Why I am Still A Democrat: Despite Being Let Down By The Democratic Leaders in New Jersey, I’m Not Changing Trains

I attend our town’s bimonthly school board meetings regularly. Sometimes I go as a education journalist to observe and keep the pulse of what’s happening at the local level. Sometimes I go as a parent to speak up for kids who aren’t on the fast track to Harvard. Sometimes I go as person who flirts with the idea of becoming more directly involved in politics. Last Monday, I was there with my journalist/observer hat to hear the stories of the parents who assembled en masse to rant about the situation in the classroom of the littlest kids.

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17 thoughts on “Why I am Still A Democrat: Despite Being Let Down By The Democratic Leaders in New Jersey, I’m Not Changing Trains

  1. I was really nervous about posting this and then getting canceled by the mob. Hope I don’t get canceled, when I’m away and don’t realize what’s going on.


  2. Warning – all comments coming from outside the US political sphere – so forgive any nuances I get wrong!

    I think there are 2 kinds of political loyalty – that are often confused.

    There’s ‘tribal’ loyalty. I’m a Democrat (or Republican) and I follow/vote for my party – regardless of what they may do. These are the people who will excuse or gloss over political scandals, hold their nose, and vote for an individually corrupt candidate, or deliberately follow only positive media stories. Often they’re politically naive or uninformed. It’s a form of emotional loyalty.

    Then there’s philosophical loyalty. Where the person is looking at the bigger picture (big government/small government; high tax / low tax; guns / no guns [this one may be a bridge too far for US audiences ;-)]; business friendly / government regulation, etc.) – and picking a party based on the number of ticks as opposed to crosses in their policy platform. These are the people who may be extremely critical of individual behaviour, and may even strategically vote in local elections *against* their ‘party line’ to get rid of a problem candidate, etc.

    The problem for political parties, is that the 2nd group of people are the ones with vote mobility. And their priority list of policies is *individual* and may change depending on what is going on in society. As the Democrat governors discovered – closing schools for Covid started off as a positive, and quickly switched to being a negative, for a significant sector of the voting population.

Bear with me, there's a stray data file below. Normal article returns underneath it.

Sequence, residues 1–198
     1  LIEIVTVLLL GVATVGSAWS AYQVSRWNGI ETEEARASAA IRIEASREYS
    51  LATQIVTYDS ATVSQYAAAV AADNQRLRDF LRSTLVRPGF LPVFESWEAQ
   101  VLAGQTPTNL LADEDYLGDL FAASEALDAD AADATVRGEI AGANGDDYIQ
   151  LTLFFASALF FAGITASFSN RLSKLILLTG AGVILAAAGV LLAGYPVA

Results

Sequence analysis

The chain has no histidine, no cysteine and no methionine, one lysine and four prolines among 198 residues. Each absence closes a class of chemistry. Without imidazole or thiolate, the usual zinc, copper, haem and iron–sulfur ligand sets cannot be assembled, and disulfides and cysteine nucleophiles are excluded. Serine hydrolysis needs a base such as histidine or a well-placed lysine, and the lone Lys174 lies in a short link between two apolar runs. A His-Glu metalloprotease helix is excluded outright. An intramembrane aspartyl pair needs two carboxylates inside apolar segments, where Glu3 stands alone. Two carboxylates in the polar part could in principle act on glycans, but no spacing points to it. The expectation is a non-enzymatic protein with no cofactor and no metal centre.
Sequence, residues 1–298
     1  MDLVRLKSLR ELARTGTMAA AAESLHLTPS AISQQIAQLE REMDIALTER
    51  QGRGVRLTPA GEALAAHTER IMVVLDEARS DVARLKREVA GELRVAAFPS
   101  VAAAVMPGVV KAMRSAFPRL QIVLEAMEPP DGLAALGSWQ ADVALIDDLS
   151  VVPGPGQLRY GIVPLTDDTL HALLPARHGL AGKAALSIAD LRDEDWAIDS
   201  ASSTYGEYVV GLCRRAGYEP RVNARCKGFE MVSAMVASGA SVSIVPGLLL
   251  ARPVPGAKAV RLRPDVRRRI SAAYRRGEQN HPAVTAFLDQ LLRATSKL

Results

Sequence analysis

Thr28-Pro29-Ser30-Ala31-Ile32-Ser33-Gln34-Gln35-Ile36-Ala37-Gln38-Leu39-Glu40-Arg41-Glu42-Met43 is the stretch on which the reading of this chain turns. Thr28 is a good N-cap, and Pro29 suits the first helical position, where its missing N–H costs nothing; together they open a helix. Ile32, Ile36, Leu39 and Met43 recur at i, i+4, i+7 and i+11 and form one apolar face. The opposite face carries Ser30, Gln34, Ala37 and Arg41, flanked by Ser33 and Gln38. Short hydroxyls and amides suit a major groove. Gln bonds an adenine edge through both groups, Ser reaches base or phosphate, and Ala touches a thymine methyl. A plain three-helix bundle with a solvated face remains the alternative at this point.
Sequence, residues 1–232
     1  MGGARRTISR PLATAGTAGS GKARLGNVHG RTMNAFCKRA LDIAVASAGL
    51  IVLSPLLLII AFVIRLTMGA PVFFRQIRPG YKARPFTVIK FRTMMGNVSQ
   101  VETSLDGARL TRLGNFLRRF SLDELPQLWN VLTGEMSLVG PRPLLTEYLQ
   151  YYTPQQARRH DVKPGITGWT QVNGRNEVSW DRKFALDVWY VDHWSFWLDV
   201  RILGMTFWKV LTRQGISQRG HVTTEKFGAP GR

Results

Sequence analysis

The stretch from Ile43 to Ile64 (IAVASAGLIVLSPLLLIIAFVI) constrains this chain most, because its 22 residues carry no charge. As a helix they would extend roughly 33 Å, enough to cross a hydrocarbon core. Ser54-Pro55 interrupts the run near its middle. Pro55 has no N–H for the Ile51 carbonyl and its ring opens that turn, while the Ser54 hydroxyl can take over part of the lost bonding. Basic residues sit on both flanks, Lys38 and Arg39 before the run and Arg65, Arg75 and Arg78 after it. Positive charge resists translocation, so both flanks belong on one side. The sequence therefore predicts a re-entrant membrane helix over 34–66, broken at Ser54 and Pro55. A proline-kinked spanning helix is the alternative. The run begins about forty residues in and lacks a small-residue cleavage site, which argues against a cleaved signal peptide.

From what I’m reading here, Laura has faith that Democrats will eventually come to grips with funding the education and long-term care (if needed) for her son. But, what if Democrats still show no signs of actually delivering? Would she, perhaps, decide to switch her vote to a party who doesn’t promise care, but promises tax cuts – so the families can fund the care?

    My concern – remotely – since I’m not in your country – is that (based on the reporting above) the school system is completely overwhelmed with problems, and doesn’t seem to have a grip on how to solve any of them. If my kid were in that overwhelmed new-entrant class, I’d be pulling them out and sending them to a private school. Kids don’t have years for teachers and/or school administrators to sort out problems. If it can’t be fixed in a few months, the fix isn’t going to benefit the kids who’ve already been harmed.

    My fix? I’d be streaming out the Grade 1 kids with behaviour problems into a repeat kindergarten year. Any that got up to speed quickly, can be re-integrated into the mainstream class. The rest can just repeat Grade 1 next year (when they’re actually ready to learn).
    I’ve got more tough love strategies for older kids….


    1. The state Republican Party, the bulk of its elected officials, tried to replace the results of a popular vote for the presidential election after losing that election with a vote of the state legislature. It was a flat out coup, it still continues. I’m supporting the Democratic Party because to have been raised in a democracy and bequeath an oligarchy to my son is not something I am willing to tolerate.

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  3. Laura said: “Because it is very clear that I cannot replicate an education and social services on my own.”

    I’m sure, preaching to the choir, here….

    This is what I’m seeing from friends choosing to homeschool because of neurodivergent kids – mostly considerably further on the spectrum than Ian is.

    They are investing in 3rd party education products (curricula), and grouping together to hire spaces and educators to foster development of social skills (and allowing the Mums to have a break and/or actually work, themselves) and doing a lot of EOTC [I happened to be at the zoo recently at the same time as a group of spectrum homeschooling kids – where I knew a couple – the trip involved everything from drawing, to obsession over every fact possible on meerkats, to counting (pad with a chart of count boxes for dozens of different areas), to charting the water flow through the different enclosures – it was fascinating to see how the (experienced, older, privately employed, teacher), kept all of the balls in the air – I sure couldn’t do it!]
    Older kids – who are much more self-governing, tend to have tutors for specific subjects – and parents are picking tutors who also engage socially and give behavioural feedback e.g. ‘No, it’s not OK, for you to correct my grammar’ 😉 – here’s how formal speaking and conversational speaking are different.

    Many Mums start off doing it all themselves. A big part of this is that they recognise that their kids’ self-perception as learners has been damaged by the school system, and want to rebuild this from a trusted place. But, most then transition to purchasing support (tutors, educators, spaces – either individually or as a group). Some Mums remain as full-time hands-on homeschool educators. Though mostly it’s because they like teaching, or they’re coming from a religious or ethical reason for homeschooling.